More information about RBD in PD and a screening questionnaire can be found by following the link below. The questionnaire is at the end of the link.

    I hope that’s not TMI, but the weather has me stuck inside… 🙂

    Happy New Year!


    I love posts like this but I’m a huge neuroscience nerd. I very rarely get episodes but weirdly my dad has had them forever but has no signs of any disease. His are worsened by stress.

    According to Uptodate, melatonin is the first line treatment of choice and has good efficacy. I believe they recommend 3mg starting and up to 15 or 20mg until effective dose is attained. I can double check if anyone is interested. It doesn’t work for everyone however.

    Edit: oh your link had the dosing information in it! That’s what I get for replying before reading the links!

    AvatarSleepy RBD

    Thanks, Jason…
    The contradictions of this disorder and its symptoms, along with its “typical” presentations, are what I think continue to make it hard to understand. For many years of my life, I didn’t even realize that acting out one’s dreams was not the norm. Wasn’t that what everyone did? My mom and sisters noticed it, but I guess at the time it was just accepted as something I did. That is to say, if a certain behavior has been a part of what one has done (for as far back as I can remember) then there would really be no reason for thinking any differently. When I finally came upon information indicating childhood symptoms of RBD as an early or “initial manifestation” of narcolepsy with cataplexy, it was as if that missing piece of the puzzle had been found. Being a woman and having experienced the dream acting symptoms since childhood, I did not fit the norm for “typical” RBD. I am, however, a “yes” to all of the questions in the RBDSQ (RBD questionnaire) referenced on the last page of the final link in the above post.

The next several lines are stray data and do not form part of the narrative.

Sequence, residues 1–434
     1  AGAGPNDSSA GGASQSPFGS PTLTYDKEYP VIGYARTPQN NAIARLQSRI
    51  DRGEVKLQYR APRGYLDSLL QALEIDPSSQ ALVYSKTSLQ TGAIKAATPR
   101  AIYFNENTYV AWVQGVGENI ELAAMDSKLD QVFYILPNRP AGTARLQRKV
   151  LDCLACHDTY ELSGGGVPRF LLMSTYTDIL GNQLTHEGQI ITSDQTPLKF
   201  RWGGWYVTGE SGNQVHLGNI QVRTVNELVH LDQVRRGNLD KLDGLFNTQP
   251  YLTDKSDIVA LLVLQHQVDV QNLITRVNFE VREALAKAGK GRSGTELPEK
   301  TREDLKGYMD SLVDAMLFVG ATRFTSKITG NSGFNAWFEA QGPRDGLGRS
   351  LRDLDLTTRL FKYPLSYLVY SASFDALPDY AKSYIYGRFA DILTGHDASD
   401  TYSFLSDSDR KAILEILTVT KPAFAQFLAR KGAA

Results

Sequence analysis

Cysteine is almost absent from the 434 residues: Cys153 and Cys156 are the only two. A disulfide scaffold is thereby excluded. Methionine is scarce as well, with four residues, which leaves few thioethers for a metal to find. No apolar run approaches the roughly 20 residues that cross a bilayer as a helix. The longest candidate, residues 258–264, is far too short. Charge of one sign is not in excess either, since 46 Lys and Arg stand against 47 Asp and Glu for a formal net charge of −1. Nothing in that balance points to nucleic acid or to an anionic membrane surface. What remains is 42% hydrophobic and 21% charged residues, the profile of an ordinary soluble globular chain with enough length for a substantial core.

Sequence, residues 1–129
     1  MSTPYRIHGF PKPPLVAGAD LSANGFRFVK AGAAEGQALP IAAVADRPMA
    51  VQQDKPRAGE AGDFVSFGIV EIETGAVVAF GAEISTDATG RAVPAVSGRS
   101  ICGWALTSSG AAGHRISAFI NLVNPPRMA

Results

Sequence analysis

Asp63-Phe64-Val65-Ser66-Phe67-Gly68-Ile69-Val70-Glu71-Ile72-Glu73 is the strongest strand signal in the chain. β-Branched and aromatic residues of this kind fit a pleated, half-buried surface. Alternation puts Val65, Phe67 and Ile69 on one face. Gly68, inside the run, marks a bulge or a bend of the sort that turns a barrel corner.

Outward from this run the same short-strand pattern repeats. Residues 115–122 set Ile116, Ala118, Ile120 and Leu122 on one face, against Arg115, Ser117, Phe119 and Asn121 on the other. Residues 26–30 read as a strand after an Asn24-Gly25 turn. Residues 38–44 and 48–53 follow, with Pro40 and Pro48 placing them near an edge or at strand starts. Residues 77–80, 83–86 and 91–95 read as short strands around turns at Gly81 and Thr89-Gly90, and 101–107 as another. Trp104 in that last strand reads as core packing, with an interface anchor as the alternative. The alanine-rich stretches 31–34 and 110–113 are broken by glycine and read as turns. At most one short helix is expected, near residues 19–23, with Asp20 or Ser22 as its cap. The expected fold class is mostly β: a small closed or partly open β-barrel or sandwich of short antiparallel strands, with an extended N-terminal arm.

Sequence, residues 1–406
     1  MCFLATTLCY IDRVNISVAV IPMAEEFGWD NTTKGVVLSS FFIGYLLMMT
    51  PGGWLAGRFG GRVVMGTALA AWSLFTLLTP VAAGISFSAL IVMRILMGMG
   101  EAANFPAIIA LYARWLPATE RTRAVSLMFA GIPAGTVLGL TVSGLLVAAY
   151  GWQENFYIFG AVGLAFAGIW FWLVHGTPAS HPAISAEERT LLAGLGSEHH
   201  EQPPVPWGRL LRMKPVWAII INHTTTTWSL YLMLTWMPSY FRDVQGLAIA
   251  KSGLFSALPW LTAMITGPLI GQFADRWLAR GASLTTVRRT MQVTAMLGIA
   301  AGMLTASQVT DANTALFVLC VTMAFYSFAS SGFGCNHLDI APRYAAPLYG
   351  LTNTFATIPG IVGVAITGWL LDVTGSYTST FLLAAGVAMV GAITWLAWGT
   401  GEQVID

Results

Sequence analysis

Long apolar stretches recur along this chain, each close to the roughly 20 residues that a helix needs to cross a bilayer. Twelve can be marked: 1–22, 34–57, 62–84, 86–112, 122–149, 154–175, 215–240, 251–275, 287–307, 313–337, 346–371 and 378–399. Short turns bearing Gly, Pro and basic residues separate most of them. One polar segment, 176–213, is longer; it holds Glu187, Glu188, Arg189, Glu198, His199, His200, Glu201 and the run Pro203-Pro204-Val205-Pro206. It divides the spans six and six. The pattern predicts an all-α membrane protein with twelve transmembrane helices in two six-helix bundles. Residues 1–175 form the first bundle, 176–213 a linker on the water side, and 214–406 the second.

At times, I have thought that it would be interesting to email Dr. Carlos Schenck who named the disorder. Would he be interested in a story like mine that dates back to before he and his colleagues named it? Would he even accept it? Perhaps he would…anyway, just a thought…

    Please know that I definitely appreciate those who are dedicating their lives to this field and hope that there will be an even greater understanding in the future.

    I look at it as….if I were studying a particular disease / disorder, I would want to continue to gather as much information as I could from the people who had experienced it. With that in mind, I’ll try to add some examples of my experiences in a future post. Maybe that would be helpful to someone else searching for answers…

    AvatarSleepy RBD